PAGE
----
Kej is the nawal of the Mayan “religion”, a day of spiritual leaders, of shaman and of priests. It is these leaders who understand how to read the messages from the natural world, who help to keep our existence in balance with nature. It is a day to connect with the wilderness and draw the power of the natural world into you, to harmonise and replenish.

The number 2 is representative of duality, of polarity. Although it is a low number it has surprising strength as it is said to be able to call upon both aspects or polarities of what it is attached to. It is said to be the number of lovers, it signifies relationships and self-sacrifice. Whilst it can lend itself to mediation, seeing both sides of the story, it also can be indecisive.

1 Kame (14th February 2019)

1 KameThe energy of the nawal Kame brings us the opportunity to face our challenges. Its combination with the number 1 today suggests the beginning of fresh challenges which lead to our spiritual advancement.

Today may bring a theme for the next 13 days, or the next 247 when the day 7 Kame occurs and we are finally victorious over our challenge. Kame may bring the things which frighten us to our attention, but it also brings the strength to face these fears. Whether we choose to or not is up to us, but the rewards are great, the evolution of our soul. Kame may represent sacrifice, but it is also a purification, a refinement. This is the nawal of internal alchemy.

It is the beginning of a time of change, although today those changes may need a little encouragement, possibly from your ancestors. For now you may just be content with planning your process of transformation, sowing the seeds of change. There is no right or wrong way of approaching this. In the Popol Vuh, Jun Junajpu and Wucub Junajpu failed in their attempt to confront the Lords of Death. However, Jun Junajpu spawned Junajpu and Xbalamque who succeeded at the challenge. There is rarely one chance to succeed, if the challenge is important to your life path or the evolution of your soul, it will return until you overcome it.

If you follow the cycles of the days, either through your own literature, or by looking through the archives of this site, you should be able to see a pattern emerging. The numbers follow a pattern, and it almost looks like a piano keyboard if we arrange them to differentiate between what almost appear to be two sequences running concurrently. What we also see is that the sequence starts with 1 and finishes with 7. We see this in the Popol Vuh used to exemplify the entirety of a concept. For example, the first pair of heroes in the story are 1 and 7 Junajpu, representing the entirety of the creative principle, and their polar opposites are 1 and 7 Kame, the two chief lords of Xibalba. The victory over 7 Kame represents the end of the struggle, the day 1 Kame represents the beginning of the challenges.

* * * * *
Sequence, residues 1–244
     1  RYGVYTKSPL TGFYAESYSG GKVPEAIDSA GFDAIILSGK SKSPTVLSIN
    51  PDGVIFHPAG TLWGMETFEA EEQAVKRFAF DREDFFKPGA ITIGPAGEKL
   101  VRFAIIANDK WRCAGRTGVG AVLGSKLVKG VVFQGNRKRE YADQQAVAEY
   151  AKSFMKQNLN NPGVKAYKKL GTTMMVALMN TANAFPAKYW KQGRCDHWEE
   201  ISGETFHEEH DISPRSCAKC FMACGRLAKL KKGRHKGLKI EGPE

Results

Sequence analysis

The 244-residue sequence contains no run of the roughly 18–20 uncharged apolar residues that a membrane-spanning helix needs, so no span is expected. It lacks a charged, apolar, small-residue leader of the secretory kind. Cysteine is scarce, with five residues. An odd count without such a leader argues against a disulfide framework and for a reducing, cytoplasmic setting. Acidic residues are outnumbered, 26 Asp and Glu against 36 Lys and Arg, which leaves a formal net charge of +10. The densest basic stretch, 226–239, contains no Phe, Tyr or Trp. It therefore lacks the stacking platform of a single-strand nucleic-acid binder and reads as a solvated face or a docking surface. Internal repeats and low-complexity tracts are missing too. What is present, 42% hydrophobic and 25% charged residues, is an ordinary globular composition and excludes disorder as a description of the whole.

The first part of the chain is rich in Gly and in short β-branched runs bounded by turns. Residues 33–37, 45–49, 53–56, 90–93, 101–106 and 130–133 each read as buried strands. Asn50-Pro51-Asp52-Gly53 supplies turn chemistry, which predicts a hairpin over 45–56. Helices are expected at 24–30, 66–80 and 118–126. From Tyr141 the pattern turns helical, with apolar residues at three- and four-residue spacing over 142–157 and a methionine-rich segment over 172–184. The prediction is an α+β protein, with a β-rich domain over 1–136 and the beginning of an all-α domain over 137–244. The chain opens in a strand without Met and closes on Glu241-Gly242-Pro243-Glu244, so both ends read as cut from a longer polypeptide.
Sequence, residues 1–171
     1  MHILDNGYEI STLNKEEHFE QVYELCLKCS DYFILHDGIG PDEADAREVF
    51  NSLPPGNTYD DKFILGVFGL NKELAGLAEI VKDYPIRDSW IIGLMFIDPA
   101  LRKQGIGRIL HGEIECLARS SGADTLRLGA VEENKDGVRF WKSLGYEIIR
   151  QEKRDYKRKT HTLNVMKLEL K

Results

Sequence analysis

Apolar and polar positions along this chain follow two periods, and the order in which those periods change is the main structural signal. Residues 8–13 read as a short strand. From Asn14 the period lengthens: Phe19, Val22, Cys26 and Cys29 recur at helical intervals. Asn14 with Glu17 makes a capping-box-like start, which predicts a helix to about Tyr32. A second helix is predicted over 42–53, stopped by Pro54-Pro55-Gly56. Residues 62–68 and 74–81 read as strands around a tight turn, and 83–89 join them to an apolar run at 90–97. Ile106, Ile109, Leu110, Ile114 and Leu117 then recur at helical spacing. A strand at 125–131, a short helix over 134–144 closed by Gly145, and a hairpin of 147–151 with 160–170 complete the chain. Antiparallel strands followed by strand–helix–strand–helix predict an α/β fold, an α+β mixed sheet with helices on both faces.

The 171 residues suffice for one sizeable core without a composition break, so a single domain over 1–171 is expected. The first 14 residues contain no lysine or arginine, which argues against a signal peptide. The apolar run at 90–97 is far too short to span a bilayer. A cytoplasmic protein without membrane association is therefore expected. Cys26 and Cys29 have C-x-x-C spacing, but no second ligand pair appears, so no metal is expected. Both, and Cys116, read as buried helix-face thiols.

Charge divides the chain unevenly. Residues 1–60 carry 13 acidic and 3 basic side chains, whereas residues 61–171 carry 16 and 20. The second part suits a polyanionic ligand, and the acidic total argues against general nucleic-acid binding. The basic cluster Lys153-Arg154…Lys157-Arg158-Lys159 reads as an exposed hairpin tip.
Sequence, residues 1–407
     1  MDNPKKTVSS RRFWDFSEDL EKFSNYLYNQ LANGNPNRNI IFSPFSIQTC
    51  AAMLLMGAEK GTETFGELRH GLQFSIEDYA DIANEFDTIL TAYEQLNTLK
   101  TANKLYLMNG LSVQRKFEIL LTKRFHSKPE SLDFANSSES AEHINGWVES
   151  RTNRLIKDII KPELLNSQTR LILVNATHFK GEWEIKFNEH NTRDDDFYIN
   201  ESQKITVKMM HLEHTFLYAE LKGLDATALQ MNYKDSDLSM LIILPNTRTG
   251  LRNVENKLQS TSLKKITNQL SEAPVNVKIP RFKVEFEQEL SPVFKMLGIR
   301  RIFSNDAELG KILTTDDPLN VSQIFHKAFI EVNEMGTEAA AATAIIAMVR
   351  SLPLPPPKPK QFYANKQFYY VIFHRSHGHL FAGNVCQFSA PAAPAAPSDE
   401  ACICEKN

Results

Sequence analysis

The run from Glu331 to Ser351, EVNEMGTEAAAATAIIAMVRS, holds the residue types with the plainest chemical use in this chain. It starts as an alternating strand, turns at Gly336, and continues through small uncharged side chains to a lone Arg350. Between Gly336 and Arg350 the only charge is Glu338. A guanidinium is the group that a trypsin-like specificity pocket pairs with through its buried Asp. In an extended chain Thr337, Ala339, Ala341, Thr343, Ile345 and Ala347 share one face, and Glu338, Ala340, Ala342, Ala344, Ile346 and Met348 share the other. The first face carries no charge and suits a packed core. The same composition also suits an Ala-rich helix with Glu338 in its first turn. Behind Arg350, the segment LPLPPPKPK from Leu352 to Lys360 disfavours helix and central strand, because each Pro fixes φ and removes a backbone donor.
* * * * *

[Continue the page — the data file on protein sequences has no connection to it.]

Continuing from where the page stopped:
Number Sequence.jpg

 

Kame relates to death, which often makes people nervous. However, this nawal is seen as an extremely positive day. Birth is the gateway into the mortal life, death the gateway into the eternal. In many shamanistic traditions, the initiate goes through several death experiences during training. This can be through the use of particular herbs, or sometimes through accident or illness. In these experiences the density of the mortal realm falls away and the greater understanding emerges. It can often be described as a spiritual transformation. In the Popul Vuh, the Mayan book of creation, the Hero Twins descend to the underworld, Xibalba, to confront the Lords of Death. They pass the many challenges set for them, but eventually end up being tricked by the Lord of Death. Instead of giving in, the Hero Twins choose to sacrifice themselves. They give instructions to a pair of seers to convince the Lords of Death to grind the Twins’ bones to dust and throw the dust in the river. Everything went according to plan and five days later the twins appeared as catfish in the river, then transformed into vagabond “magicians”. In this way we see a literal transformation from the crusader (Tijax) through death (Kame) to the higher self (Ix). This is the potential of the Kame day, to face ones fears and attain a higher perspective, to advance the journey of your soul. This is also a day to remember your ancestors and friends that have passed into the other realm, to remember what they taught you, and to thank them for their wisdom that helped you to grow.